IN THE MEDIA: Robotic Rehab
Little Heroes Foundation would like to thank the team behind ‘Healthy Focus’ at the Women’s and Children’s Health Network for their feature article on our new Robotic Centre!
This front page story in the summer issue on our Centre for Robotics and Innovation provides an amazing insight into the centre and how will help children get the most out of their rehabilitation.
Article courtesy of Women’s and Children’s Health Network
Robotic technology will be used to aid the rehabilitation of children with serious neurological disorders and injuries thanks to a $1.5 million purpose-built gym at the Women’s and Children’s Hospital (WCH).
The Little Heroes Foundation Centre for Robotics and Innovation, which is the first facility of its kind in Australia, was launched in August, with equipment that provides tailored therapies to aid in walking, arm movement and coordination.
The centre is part of the WCH Paediatric Rehabilitation Department and has been made possible through the generous support of Little Heroes Foundation, a charity that has been supporting the WCH for the past 20 years.
Little Heroes Foundation Chairman Chris McDermott was joined by young patients Andre and Cameron to officially cut the ribbon to the new centre and the Hon. Leesa Vlahos MP, Minister for Disabilities and Minister for Mental Health and Substance Abuse was among the special guests at the opening.
The project emanated out of a conversation about two years ago between Associate Professor Ray Russo, Head of Research with the Rehabilitation Department, and Little Heroes Foundation Chairman Chris McDermott, in which Assoc. Prof. Russo was encouraged to “think big” about what assistance his department needed to enhance the care it offered to young patients.
“I thought I might as well pitch them the concept of assessing robotics and innovation as a focus for helping children with rehabilitation needs, and they just loved the idea,” Assoc. Prof. Russo said.
According to Assoc. Prof. Russo, who will oversee the gym’s operations, the more therapy a child with neurological dysfunction can access, the greater the benefits are likely to be.
“To improve neurological disability, you need a high quantum of therapy,” he said.
“Robotic technology is a way of giving children a larger quantum of therapy without necessarily involving a lot more cost in terms of therapist time.”
Assoc. Prof. Russo said that to provide this type of therapy for children with a high level of need for walking would normally require two to three therapists during a rehabilitation session to support the child in taking steps.
“Now you can do this with one trained assistant, after the child has been positioned within the robotic device by the robotics physiotherapist,” he said.
Each therapy session on the robotic machines is an interactive experience, using avatars on a screen controlled by the child.
“This allows the child to be fully immersed in the therapy, which is critical in assisting neuroplasticity and brain reorganisation to allow for improvement in function,” Assoc. Prof. Russo said.
Young people who are current inpatients or day patients of the Paediatric Rehabilitation program will be able to access the technology.
Initially, two robotic machines have been installed in the gym – a Lokomat designed to improve walking pattern and function – and an Armeo, which assists with developing muscle strength, power and range of movement in the arm. In addition, Dynavision, a tool for assisting with visual awareness and eye-hand coordination, is also used in the gym.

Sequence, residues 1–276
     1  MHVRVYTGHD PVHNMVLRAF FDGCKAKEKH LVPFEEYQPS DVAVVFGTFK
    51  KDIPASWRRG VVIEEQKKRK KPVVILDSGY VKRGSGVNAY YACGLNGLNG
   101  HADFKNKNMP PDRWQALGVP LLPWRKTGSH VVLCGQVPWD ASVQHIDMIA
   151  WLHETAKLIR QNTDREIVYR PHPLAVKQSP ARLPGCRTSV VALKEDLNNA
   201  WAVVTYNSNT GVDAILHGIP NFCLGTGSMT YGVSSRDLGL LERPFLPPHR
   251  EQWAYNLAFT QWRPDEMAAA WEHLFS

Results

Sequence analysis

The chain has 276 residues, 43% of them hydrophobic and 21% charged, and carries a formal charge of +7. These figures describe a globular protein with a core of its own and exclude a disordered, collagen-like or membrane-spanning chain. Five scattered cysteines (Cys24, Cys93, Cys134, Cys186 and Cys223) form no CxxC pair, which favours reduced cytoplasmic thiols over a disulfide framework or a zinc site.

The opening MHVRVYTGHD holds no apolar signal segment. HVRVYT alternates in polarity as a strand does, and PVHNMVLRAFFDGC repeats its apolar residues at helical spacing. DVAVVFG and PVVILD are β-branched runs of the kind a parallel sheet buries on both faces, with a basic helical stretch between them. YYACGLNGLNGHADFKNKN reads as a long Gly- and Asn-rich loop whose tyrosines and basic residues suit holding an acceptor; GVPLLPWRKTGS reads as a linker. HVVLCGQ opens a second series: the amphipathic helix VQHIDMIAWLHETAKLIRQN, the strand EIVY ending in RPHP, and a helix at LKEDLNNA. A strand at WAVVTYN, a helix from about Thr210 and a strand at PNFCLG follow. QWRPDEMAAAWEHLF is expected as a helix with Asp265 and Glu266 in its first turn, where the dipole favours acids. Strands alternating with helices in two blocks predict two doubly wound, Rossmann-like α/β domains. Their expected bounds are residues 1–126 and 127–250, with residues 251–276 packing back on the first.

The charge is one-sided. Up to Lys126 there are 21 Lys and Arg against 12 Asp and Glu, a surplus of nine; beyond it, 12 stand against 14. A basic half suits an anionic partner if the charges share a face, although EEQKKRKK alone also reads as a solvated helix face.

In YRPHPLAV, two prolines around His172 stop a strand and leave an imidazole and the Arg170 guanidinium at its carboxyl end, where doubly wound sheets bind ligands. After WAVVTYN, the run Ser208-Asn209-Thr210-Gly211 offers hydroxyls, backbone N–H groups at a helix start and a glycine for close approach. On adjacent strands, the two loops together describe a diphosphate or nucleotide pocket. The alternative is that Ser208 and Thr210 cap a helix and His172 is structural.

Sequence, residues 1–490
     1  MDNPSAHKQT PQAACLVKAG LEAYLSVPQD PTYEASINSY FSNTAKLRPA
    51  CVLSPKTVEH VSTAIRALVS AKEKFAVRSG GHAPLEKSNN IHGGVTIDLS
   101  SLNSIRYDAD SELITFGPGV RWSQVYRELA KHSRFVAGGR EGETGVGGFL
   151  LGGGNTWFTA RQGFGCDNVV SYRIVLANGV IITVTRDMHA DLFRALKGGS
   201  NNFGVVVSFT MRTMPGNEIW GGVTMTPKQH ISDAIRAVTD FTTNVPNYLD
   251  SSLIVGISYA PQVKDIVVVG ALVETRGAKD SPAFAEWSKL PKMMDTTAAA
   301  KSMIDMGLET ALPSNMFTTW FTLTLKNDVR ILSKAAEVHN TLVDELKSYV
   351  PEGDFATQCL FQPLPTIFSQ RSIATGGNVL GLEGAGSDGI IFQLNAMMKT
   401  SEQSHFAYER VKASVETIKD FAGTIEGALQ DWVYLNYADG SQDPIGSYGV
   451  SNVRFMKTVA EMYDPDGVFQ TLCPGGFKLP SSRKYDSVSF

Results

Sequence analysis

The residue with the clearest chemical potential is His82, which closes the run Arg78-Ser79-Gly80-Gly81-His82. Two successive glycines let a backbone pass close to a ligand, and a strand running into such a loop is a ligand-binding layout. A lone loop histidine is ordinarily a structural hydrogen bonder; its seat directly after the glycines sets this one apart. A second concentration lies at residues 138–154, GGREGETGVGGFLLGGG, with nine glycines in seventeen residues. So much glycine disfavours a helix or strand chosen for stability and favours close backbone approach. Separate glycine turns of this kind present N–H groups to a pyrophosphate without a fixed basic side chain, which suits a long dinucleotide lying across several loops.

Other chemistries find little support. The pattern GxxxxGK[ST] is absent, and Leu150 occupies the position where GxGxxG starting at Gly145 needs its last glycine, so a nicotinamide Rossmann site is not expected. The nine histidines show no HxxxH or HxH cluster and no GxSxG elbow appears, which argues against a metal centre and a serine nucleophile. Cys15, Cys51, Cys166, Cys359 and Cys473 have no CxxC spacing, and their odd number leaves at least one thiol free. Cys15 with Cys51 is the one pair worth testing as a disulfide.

Little Heroes Foundation Chairman Chris McDermott said the Centre for Robotics and Innovation had been a passion of the charity for some time.
“There is a whole new field out there in rehabilitative medicine, and the more we
researched, the more excited we became about the possibility of bringing this robotic equipment to South Australia to give seriously ill children the best chance to resume a normal life,” Mr McDermott said.
“Recent advances have been significant, and we wanted to ensure the doctors and the rehabilitation team had access to this cutting edge technology.
“After beginning our relationship with the WCH in 1996, it gives us a great feeling to still be here two decades later creating a ‘world class’ facility.”
Seven-year-old John Bishop is one child who knows first-hand the benefits of using robotic technology as part of his rehabilitation therapy..
His biggest challenge in life has been to walk – something his parents were told may not happen after his cerebral palsy was diagnosed in 2009, when he was just one year old.
Today, he has gone from needing a wheelchair, and then a walker, for mobility to walking completely unaided.
To correct his uneven gait, doctors recommended regular use of the Lokomat, which he has accessed at another local facility.
“The changes we’ve seen in him in the last two years have been phenomenal,” John’s mother Kate said.
“We’ve thrown away the chair and the walker.
“When you put a child in the Lokomat, everything is tailored to that particular child – it teaches the correct gait patterns for walking and corrects if a child might favour one leg or the other.”
Women’s and Children’s Health Network Chief Executive Officer Naomi Dwyer said the addition of the gym to the services provided for paediatric rehabilitation patients was a wonderful merger of health care and technology.
“This is an exciting development in the treatment we can provide to children with neurological disorders or injuries,” she said.
“The Centre for Robotics and Innovation is a wonderful outcome from our partnership with Little Heroes Foundation, and I know that many of our young patients will benefit from it.”